Nutritional gradient

We created an experimental nutritional gradient using Hoagland solution (Hoagland & Arnon 1938), in the proportions 0.2 × (deficient solution), 1 × (original solution) and 2 × (enriched solution), and the pH was adjusted to 5.5-6.0 (Cuzzuol et al. 2008). Volumes of 50 ml of nutrient solutions were applied, weekly, interspersed with distilled water as needed, to prevent desiccation of the plants. Every month, the substrates were watered with distilled water at a volume above saturation to promote the leaching of salts, thus avoiding salinization as described by Cuzzuol et al. (2005a; b).

Growth analysis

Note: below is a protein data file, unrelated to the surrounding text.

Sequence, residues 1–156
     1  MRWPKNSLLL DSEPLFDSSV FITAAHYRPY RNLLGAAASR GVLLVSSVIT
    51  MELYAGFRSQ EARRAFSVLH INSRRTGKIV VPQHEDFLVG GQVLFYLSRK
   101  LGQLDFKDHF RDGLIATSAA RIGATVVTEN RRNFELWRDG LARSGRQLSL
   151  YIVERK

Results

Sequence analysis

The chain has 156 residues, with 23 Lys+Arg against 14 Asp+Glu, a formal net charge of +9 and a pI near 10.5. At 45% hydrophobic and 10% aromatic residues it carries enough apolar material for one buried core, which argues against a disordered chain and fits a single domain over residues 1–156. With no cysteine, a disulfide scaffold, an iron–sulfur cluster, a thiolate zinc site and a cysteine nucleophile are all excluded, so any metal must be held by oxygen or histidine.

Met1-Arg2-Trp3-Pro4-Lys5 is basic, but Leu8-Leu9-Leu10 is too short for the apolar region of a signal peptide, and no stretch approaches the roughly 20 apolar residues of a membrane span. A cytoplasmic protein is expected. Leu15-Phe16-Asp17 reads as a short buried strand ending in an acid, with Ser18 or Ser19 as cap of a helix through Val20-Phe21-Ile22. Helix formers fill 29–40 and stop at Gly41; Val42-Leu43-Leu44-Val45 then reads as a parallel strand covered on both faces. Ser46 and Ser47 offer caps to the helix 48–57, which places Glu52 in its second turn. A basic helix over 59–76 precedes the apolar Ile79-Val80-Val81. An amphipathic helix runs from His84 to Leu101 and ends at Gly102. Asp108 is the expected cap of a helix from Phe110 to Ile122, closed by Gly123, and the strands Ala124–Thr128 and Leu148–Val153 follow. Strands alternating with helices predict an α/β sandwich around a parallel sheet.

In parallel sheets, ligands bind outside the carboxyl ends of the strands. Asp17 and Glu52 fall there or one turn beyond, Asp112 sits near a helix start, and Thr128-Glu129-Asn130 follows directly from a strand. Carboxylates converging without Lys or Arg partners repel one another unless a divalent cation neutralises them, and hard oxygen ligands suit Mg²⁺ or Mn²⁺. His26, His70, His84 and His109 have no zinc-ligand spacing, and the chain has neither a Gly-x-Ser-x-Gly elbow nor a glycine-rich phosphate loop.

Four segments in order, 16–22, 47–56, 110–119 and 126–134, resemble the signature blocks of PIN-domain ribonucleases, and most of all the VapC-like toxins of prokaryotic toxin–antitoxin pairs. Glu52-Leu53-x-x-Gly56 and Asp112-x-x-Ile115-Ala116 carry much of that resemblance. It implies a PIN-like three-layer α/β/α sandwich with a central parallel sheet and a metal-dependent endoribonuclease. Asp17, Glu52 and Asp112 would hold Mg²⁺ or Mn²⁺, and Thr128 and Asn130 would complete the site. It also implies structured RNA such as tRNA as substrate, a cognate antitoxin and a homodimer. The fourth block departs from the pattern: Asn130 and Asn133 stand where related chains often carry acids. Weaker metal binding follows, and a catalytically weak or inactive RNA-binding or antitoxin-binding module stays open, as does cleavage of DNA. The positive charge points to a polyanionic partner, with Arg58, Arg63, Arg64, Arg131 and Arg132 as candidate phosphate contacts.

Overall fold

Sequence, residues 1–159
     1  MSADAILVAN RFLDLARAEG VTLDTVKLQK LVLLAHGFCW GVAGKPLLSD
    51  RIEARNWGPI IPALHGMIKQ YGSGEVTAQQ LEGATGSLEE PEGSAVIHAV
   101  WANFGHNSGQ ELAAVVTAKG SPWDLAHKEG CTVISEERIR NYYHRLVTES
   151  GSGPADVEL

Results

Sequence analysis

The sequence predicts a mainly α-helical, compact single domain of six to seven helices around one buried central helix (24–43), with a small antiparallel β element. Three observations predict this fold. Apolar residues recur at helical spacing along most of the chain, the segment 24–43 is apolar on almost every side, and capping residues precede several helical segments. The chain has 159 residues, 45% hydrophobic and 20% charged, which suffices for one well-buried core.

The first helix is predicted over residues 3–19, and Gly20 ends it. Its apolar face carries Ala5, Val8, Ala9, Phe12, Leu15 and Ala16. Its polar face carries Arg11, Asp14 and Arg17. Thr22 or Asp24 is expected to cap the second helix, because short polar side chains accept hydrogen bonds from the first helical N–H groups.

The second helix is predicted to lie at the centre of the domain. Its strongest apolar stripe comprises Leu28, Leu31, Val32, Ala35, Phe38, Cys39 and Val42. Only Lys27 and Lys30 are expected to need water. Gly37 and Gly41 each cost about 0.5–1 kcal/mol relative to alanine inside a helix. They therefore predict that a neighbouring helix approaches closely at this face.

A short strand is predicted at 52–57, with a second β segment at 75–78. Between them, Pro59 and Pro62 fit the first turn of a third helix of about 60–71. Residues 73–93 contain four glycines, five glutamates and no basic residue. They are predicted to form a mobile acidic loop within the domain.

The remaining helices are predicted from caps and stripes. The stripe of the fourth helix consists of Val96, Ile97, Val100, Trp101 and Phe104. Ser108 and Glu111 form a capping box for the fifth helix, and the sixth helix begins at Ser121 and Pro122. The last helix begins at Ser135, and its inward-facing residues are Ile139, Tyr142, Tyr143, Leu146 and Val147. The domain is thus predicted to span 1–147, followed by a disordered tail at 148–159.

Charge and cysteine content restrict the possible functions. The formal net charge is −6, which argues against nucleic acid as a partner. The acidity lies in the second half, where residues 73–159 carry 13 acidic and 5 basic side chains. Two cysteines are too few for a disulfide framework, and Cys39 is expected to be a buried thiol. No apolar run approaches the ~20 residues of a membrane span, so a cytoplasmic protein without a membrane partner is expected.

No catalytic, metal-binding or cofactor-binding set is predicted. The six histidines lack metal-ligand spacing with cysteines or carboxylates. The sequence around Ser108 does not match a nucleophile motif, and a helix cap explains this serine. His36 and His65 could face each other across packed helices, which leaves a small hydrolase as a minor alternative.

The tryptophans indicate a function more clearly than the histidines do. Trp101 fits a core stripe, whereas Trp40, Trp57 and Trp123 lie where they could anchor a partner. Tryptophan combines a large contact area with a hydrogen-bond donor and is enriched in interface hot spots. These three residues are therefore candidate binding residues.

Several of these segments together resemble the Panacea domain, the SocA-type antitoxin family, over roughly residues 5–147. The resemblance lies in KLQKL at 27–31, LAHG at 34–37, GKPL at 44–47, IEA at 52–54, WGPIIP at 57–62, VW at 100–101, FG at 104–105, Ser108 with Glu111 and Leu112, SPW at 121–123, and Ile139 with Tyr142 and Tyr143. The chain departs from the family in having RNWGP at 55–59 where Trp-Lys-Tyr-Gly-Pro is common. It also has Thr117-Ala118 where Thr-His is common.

The salinity experiment lasted 56 days, and the nutrition experiment lasted 90 days. For the salinity experiment, we measured shoot dry mass (ShDM) and root dry mass (RDM) at 7, 14, 28 and 56 days using seven plants for each experimental time; values were expressed in terms of the percentage increase in dry mass relative to that of the start time. This procedure showed the magnitude of increase or reduction of dry mass in relation to a particular growth factor and is indicated for native species characterized by greater variability compared to cultivated species (Poorter & Nagel 2000). In addition to these measures, the total leaf area (TLA), RDM, stem dry mass (StDM) and leaf dry mass (LDM) at the starting and ending times of plants grown with 0 and 200 mM NaCl (where all the plants survived until the end of the experimental period) were recorded for the calculation of growth rates and ratios. At the higher concentrations of NaCl, 100% mortality occurred in the first weeks of treatment. Plants that lacked green color in the leaf blade were considered dead. Other measurements such as the maximum stem length (MSL) and the number of leaves (NL) at the ending time were also made. From these primary values, the R:SR, leaf mass ratio (LMR), SLA, leaf area ratio (LAR), net assimilation rate (NAR) and relative growth rate (RGR) were calculated for plants grown using 0 and 200 mM NaCl for a better understanding of the effects of salinity on growth measures. The same growth measurements used in the salinity experiment were also analyzed for seven plants at 0 and 90 days in the various treatments of the mineral nutrition experiment. In this case, as there was no mortality of plants under the treatments applied, all measurements were performed for all treatments. The measurements taken at the starting time are not presented, as they were used as a reference for the calculation of the percentage increase in dry mass, growth rates and ratios at 90 days of treatment. In both experiments, the dry mass was determined after placing the plant material in an oven at 60ºC with forced air circulation until achieving constant dry mass at all experimental times. Leaf area was calculated using an image reader (Area Meter 3100C; LI-COR, Lincoln, NE, USA). From these primary measurements, growth rates and ratios were calculated using the methodology of Evans (1972) and Hunt (1982). As such, the LAR was determined by dividing leaf area by total dry mass (TDM), the SLA by the ratio between the total leaf area and leaf dry mass, the LMR by the quotient of leaf dry mass divided by total dry mass, the NAR by the equation [(lnA2 - lnA1 / A2 - A1)] × [(M2 - M1) / (t2 - t1)], and the RGR by the equation [(lnM2 - lnM1) / t2 - t1] and also deduced by the product of its components (RGR = SLA × LMR × NAR). The percentage of increase in dry mass (% increase in DM) was calculated by the equation [(M2 - M1) / M1 × 100], where M2 is the final dry mass, M1 is the initial dry mass, A2 is the final leaf area, A1 is the initial leaf area, and t2 - t1 is the time interval between the two collections.